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This report has presented information from the second Statistics Canada study on the spatial distribution of crime in a Canadian city using a combination of statistical analyses and crime mapping based on Geographic Information System (GIS) technology. Results from the examination of Montréal data are in agreement with those from other studies in Canada and abroad indicating that crime is not randomly distributed across cities, but is concentrated in certain neighbourhoods where demographic, socio-economic and urban land use factors have an impact.

Similar to what the Winnipeg and Regina studies have shown, there is, in Montréal, a concentration of crime in a limited number of neighbourhoods. However, this concentration exhibits a different pattern from that observed in the Western Canadian cities. Property offences are essentially concentrated in neighbourhoods in the city centre, while violent offences are distributed among a number of hot spots.

Bivariate results show significant differences with respect to some characteristics when neighbourhoods with high crime rates are compared with those with low crime rates. The results suggest that crime is more prevalent in neighbourhoods where residents have less access to social and economic resources. These neighbourhoods are characterized by a population that is economically more disadvantaged and includes a lower proportion of highly educated people. These neighbourhoods are also more likely to have a larger number of single persons, lone-parent families and recent immigrants. They also exhibit greater residential instability, a smaller number of owner-occupants and a larger proportion of the population that spends more than 30% of their budget on housing. More commercial and multi-family land use is also seen in neighbourhoods where the highest rates are reported. Nevertheless, it must be remembered that these are crime rates that are measured at the neighbourhood level and not the delinquency rates of their residents. It is therefore important not to make generalisations.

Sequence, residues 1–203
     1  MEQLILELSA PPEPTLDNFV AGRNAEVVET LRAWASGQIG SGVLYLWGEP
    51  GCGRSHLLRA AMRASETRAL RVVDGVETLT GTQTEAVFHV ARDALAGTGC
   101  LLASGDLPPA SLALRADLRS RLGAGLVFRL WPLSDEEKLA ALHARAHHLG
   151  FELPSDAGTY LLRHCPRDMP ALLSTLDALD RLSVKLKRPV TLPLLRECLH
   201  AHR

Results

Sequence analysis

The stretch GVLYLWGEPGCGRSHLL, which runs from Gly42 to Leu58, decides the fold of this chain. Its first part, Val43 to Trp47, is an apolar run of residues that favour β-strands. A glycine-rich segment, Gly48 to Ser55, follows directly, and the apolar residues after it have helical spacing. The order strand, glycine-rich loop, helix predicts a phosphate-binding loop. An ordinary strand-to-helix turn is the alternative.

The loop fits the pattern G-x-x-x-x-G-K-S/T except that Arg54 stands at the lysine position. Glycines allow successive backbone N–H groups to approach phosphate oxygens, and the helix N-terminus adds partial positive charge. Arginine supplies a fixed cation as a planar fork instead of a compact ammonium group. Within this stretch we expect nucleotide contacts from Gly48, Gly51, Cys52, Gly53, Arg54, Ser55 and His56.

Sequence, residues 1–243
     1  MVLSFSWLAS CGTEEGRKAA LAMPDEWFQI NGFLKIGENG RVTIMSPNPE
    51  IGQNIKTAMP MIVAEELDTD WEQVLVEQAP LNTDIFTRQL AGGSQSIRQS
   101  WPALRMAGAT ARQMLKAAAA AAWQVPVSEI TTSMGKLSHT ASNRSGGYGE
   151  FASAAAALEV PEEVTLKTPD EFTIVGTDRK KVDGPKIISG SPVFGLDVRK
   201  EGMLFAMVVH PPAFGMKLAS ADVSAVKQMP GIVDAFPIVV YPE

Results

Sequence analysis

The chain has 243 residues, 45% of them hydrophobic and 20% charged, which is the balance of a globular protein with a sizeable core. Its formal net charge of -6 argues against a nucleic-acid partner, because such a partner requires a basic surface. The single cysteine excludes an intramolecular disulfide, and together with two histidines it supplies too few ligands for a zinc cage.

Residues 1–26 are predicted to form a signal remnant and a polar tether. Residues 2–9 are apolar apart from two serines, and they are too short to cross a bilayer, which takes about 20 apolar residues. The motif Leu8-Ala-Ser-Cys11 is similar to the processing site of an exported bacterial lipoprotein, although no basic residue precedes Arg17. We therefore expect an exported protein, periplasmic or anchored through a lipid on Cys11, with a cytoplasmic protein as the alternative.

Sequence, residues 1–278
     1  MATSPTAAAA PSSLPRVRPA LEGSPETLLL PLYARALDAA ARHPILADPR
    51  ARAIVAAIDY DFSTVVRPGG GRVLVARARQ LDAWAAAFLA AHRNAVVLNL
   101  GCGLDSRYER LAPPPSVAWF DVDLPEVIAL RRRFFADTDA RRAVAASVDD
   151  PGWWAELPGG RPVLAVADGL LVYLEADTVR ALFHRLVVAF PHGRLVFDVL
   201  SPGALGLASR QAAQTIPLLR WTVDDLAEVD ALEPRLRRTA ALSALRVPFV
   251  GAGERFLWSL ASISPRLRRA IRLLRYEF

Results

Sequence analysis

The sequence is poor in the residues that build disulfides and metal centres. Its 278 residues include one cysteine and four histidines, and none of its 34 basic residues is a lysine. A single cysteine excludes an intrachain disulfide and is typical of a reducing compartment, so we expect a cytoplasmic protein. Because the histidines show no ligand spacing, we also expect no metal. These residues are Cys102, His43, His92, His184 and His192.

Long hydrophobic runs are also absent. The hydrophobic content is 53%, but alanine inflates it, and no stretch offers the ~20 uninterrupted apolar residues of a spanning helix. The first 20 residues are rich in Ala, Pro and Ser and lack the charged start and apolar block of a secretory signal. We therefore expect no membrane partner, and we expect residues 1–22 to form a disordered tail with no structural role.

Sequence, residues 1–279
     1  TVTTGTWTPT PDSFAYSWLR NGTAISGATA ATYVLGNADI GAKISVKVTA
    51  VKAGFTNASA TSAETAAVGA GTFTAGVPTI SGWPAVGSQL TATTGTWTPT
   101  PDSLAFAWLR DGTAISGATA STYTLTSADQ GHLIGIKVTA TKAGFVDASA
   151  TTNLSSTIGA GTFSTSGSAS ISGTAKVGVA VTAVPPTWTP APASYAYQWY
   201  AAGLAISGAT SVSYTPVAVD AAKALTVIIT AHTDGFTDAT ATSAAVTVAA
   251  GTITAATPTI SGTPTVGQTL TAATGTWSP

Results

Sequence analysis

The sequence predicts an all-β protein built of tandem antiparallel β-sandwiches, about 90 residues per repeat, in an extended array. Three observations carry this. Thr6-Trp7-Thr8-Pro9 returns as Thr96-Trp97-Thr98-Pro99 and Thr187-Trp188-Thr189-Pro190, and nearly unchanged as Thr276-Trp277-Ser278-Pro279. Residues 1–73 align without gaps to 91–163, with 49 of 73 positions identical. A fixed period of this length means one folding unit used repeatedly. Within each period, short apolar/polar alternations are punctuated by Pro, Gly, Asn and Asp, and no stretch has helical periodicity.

This study has shown that many of these individual factors are closely related. These are, for example, the proportion of the neighbourhood's residents in a low income household, which is in close statistical association with the unemployment rate; government transfers; the proportion of tenants in a neighbourhood; and the proportion of single-parent families and recent immigrants in a neighbourhood. Thus, when the variables were held constant through the use of a multivariate technique, a few key factors were shown to be most highly related to both property and violent crime rates. These variables suggest that there are unique dynamics in the study area, the Island of Montréal.